Definitions

Elliptical galaxy

Elliptical galaxy

An elliptical galaxy is a galaxy belonging to one of the three main classes of galaxy originally described by Edwin Hubble (whose name was dedicated to the famous Hubble space telescope) in his 1936 work “The Realm of the Nebulae” and, as such, forms part of the Hubble sequence. Elliptical galaxies have smooth, featureless light-profiles. They range in shape from nearly spherical to highly flattened ellipsoids and in size from hundreds of millions to over one trillion stars. In the outer regions, many stars are grouped into globular clusters. Most elliptical galaxies are composed of older, low-mass stars, with a sparse interstellar medium and minimal star formation activity. Elliptical galaxies are believed to make up approximately 10-15% of galaxies in the local Universe. They are preferentially found close to the centers of galaxy clusters and are less common in the early Universe.

General characteristics

Elliptical galaxies are characterized by several properties that make them distinct from other classes of galaxy. The motion of stars in elliptical galaxies is predominantly radial, unlike the disks of spiral galaxies, which are dominated by rotation. Furthermore, there is very little interstellar matter (neither gas nor dust), which results in low rates of star formation, few open star clusters, and few young stars; rather, elliptical galaxies are dominated by old stellar populations, giving them red colours. Large elliptical galaxies typically have an extensive system of globular clusters.

The properties of elliptical galaxies and the bulges of disk galaxies are similar, suggesting that they are formed by the same physical processes, although this remains controversial. The luminosity profiles of both elliptical galaxies and bulges are well fit by de Vaucouleurs' law.

Elliptical galaxies are preferentially found in galaxy clusters and in compact groups of galaxies.

Star formation

This traditional portrait of elliptical galaxies paints them as galaxies where star formation has finished after the initial burst, leaving them to shine with only their aging stars. Very little star formation is thought to occur, because of the lack of gas, dust, and space. In general, they appear yellow-red, which is in contrast to the distinct blue tinge of a typical spiral galaxy, a colour emanating largely from the young, hot stars in its spiral arms.

Sizes and shapes

There is a wide range in size and mass for elliptical galaxies: as small as a tenth of a kiloparsec to over 100 kiloparsecs, and from 107 to nearly 1013 solar masses. This range is much broader for this galaxy type than for any other. The smallest, the Dwarf elliptical galaxies, may be no larger than a typical globular cluster, but contain a considerable amount of dark matter not present in clusters. Most of these small galaxies may not be related to other ellipticals. The single largest known galaxy, M87 (which also goes by the NGC number 4486), is an elliptical.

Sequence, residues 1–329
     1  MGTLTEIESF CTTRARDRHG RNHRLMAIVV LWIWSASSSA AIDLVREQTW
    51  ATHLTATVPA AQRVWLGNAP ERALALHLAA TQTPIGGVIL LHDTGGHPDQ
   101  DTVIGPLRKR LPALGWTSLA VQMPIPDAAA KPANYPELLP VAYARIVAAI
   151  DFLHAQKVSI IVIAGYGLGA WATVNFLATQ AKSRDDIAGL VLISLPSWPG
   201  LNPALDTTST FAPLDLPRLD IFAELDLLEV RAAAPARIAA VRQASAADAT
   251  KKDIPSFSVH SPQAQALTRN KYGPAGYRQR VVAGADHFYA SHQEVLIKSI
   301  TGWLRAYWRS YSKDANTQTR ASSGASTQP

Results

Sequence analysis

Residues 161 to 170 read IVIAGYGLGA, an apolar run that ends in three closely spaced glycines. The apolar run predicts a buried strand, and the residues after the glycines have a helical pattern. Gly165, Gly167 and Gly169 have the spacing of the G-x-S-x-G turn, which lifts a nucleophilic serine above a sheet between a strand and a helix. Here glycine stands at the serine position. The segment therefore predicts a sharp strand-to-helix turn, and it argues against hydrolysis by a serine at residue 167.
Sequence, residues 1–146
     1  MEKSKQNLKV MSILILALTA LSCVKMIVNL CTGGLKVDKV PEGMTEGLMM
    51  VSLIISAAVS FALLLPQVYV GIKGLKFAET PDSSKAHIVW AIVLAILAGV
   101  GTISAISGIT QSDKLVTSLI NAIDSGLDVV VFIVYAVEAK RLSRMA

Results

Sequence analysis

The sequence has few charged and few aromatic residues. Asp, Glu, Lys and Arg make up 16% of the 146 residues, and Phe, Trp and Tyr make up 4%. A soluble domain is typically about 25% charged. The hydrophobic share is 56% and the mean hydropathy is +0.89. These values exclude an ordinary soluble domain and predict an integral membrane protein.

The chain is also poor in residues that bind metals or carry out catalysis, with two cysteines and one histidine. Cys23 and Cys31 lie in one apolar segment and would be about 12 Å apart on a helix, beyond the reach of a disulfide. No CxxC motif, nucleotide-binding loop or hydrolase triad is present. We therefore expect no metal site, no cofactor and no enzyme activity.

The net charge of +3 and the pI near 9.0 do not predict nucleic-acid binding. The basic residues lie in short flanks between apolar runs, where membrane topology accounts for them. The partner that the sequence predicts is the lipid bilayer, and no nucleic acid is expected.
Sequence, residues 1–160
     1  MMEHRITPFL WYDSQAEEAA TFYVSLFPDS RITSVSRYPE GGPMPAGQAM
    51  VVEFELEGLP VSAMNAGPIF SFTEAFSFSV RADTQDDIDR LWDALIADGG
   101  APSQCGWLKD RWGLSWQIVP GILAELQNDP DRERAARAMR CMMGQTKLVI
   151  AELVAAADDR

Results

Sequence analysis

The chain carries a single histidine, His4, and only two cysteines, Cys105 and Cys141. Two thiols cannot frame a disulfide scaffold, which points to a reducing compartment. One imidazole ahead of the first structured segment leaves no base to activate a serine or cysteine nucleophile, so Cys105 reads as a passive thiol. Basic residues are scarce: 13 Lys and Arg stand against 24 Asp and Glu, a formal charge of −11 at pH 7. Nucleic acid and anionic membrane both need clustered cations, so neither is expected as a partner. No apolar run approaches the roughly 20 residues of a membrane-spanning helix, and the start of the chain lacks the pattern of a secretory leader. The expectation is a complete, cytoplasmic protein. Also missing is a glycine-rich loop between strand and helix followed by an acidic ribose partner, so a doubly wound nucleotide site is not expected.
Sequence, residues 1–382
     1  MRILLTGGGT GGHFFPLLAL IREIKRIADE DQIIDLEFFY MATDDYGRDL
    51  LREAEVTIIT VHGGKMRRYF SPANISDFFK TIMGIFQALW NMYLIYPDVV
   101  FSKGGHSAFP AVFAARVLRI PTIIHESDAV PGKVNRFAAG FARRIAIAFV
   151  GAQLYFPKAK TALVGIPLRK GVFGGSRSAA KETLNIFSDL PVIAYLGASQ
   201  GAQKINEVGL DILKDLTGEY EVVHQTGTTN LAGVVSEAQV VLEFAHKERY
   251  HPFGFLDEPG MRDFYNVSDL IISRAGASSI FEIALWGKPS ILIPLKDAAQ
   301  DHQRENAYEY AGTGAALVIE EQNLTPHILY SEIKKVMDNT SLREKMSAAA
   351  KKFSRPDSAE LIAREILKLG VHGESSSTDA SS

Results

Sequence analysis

It was once thought that the shape of ellipticals varied from spherical to highly elongated. The Hubble classification of elliptical galaxies ranges from E0 for those that are most spherical, to E7, which are long and thin in profile. It is now recognized that the vast majority of ellipticals are of middling thinness, and that the Hubble classifications are a result of the angle with which the galaxy is observed. The classification is typically determined by the ratio of the major (a) to the minor (b) axes of the galaxy's elliptical profile as follows:

10 times (1 - frac{b}{a})
Thus for a spherical galaxy with a equal to b, the number is 0. The limit is about 7, which may be due to a bending instability that causes flatter galaxies to puff up.

There are two physical types of ellipticals; the "boxy" giant ellipticals, whose shapes result from random motion which is greater in some directions than in others (anisotropic random motion), and the "disky" normal and low luminosity ellipticals, which have nearly isotropic random velocities but are flattened due to rotation.

Dwarf elliptical galaxies are probably not true ellipticals at all; they have properties that are similar to those of irregulars and late spiral-type galaxies. Many astronomers now refer to them as "dwarf spheroidals" in recognition of this (note that this is still a topic of some controversy).

Evolution

Some recent observations have found young, blue star clusters inside a few elliptical galaxies along with other structures that can be explained by galactic collisions. Current thinking is that an elliptical galaxy is the result of a long process where two galaxies of comparable mass, of any type, collide and merge.

Such major galactic mergers are thought to have been common at early times, but may carry on more infrequently today. Minor galactic mergers involve two galaxies of very different masses, and are not limited to giant ellipticals. For example, our own Milky Way galaxy is known to be "digesting" a couple of small galaxies right now.

Every bright elliptical galaxy is believed to contain a supermassive black hole at its center. The mass of the black hole is tightly correlated with the mass of the galaxy, via the M-sigma relation. It is believed that black holes may play an important role in limiting the growth of elliptical galaxies in the early universe by inhibiting star formation.

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